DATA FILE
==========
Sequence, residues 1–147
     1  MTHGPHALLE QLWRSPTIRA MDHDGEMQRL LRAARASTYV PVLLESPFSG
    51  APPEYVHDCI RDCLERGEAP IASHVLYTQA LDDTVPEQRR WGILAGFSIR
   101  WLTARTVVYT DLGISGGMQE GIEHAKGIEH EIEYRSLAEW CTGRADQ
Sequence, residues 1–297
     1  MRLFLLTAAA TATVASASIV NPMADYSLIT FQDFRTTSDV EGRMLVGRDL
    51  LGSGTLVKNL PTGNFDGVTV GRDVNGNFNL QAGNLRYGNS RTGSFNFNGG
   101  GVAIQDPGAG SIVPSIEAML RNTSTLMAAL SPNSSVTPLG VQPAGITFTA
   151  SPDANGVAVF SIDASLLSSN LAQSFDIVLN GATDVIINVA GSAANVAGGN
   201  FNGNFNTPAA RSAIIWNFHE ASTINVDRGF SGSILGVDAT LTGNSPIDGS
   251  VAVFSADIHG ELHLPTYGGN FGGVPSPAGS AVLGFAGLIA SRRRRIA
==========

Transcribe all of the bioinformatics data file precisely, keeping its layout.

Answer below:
Sequence, residues 1–147
     1  MTHGPHALLE QLWRSPTIRA MDHDGEMQRL LRAARASTYV PVLLESPFSG
    51  APPEYVHDCI RDCLERGEAP IASHVLYTQA LDDTVPEQRR WGILAGFSIR
   101  WLTARTVVYT DLGISGGMQE GIEHAKGIEH EIEYRSLAEW CTGRADQ
Sequence, residues 1–297
     1  MRLFLLTAAA TATVASASIV NPMADYSLIT FQDFRTTSDV EGRMLVGRDL
    51  LGSGTLVKNL PTGNFDGVTV GRDVNGNFNL QAGNLRYGNS RTGSFNFNGG
   101  GVAIQDPGAG SIVPSIEAML RNTSTLMAAL SPNSSVTPLG VQPAGITFTA
   151  SPDANGVAVF SIDASLLSSN LAQSFDIVLN GATDVIINVA GSAANVAGGN
   201  FNGNFNTPAA RSAIIWNFHE ASTINVDRGF SGSILGVDAT LTGNSPIDGS
   251  VAVFSADIHG ELHLPTYGGN FGGVPSPAGS AVLGFAGLIA SRRRRIA